The High Court has rejected a man’s claim that his 92-year-old mother forged his late father’s will after he brought her to court.
As reported in the Law Society Gazette, Master Clark “accepted the evidence of the solicitor who drafted the will in 2000 over the ‘circumstantial’ evidence of ‘marginal relevance’ submitted by the disinherited son”.
After Eustace Watts passed away in 2008, the dispute started. Jobyna Watts, his wife of 45 years old, received his whole estate. The following year Carlton Watts reported his mother’s money laundering and fraud activities to the police.
He posted a large notice on his car that read “Jobyna Watts forged her husband’s will and stole his money”.
At trial, Carlton also sought to base his case on circumstantial evidence to the existence of an earlier will made in 1994 (“the 1994 will”) under which, Carlton alleges, he was a one-third beneficiary, together with Mrs Watts and Fraser.
The judge agreed with this argument, but noted that it had only “marginal relevance to the forgery claim”.
Sarah Evans was, the solicitor who took the deceased’s instructions for the 2000 will, and arranged and witnessed its execution, said that she had a “clear recollection of the deceased”.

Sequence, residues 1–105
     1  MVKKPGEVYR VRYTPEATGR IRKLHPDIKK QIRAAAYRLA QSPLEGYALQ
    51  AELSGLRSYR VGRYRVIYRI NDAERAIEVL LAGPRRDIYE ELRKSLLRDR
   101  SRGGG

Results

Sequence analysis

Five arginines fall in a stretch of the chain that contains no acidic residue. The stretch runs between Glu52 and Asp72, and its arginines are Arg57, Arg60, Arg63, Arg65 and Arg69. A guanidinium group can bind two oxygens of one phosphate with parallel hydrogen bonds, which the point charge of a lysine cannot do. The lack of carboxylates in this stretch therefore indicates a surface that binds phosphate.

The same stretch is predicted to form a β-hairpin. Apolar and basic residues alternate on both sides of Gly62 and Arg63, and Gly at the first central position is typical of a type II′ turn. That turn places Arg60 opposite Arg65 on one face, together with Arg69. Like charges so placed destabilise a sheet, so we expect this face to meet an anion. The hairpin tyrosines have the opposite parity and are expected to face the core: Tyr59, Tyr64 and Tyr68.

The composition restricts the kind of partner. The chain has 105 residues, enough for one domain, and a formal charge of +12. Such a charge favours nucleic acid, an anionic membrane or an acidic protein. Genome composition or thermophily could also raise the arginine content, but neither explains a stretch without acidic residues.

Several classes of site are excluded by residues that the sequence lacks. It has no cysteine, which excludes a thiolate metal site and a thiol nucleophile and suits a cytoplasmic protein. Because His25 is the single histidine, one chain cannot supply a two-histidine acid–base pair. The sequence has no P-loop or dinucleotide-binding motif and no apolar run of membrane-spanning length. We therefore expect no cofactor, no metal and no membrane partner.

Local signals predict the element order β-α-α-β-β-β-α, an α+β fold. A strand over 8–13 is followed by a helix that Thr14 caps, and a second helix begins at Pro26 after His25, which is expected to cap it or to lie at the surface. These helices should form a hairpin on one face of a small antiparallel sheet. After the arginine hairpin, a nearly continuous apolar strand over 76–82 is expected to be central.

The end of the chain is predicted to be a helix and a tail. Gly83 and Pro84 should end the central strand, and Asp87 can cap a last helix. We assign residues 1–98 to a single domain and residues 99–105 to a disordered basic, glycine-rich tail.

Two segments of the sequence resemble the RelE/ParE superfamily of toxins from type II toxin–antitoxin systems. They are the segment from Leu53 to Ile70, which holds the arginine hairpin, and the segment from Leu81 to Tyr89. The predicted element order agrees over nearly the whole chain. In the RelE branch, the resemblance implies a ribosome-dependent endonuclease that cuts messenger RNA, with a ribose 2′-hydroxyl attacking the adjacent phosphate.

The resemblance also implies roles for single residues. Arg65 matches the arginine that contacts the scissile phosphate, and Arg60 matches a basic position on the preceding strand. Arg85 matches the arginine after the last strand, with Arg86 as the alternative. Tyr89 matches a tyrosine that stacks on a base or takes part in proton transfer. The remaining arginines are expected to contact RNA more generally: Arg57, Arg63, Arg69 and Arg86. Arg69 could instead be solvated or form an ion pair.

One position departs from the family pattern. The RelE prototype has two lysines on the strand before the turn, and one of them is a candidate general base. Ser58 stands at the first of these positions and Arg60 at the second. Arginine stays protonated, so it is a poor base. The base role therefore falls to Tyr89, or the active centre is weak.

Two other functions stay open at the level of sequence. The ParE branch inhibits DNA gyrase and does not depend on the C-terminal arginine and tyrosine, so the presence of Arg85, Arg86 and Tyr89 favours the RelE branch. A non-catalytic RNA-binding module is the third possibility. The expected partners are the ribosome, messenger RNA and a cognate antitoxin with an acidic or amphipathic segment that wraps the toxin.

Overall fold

Ms Evans recalled the deceased’s instructions as being “clear and consistent”. He wanted Mrs Watts, as his surviving spouse, to be the sole beneficiary of his estate and he did not want Carlton to inherit anything if Mrs Watts survived him.
As to the physical production of the will, she said it was produced on “an actual typewriter, a sort of hybrid, it had a screen”.
Despite the fact that the will file was no longer in existence, the Judge ruled that it was still obvious that Evens had met the deceased on two separate occasions. The judge said that “it is conceivable that a solicitor might have no recollection of these occasions, but, in my judgment, inconceivable that she would misremember them with the level of detail that Ms Evans has recalled”.
Read the full case: https://caselaw.nationalarchives.gov.uk/ewhc/ch/2023/679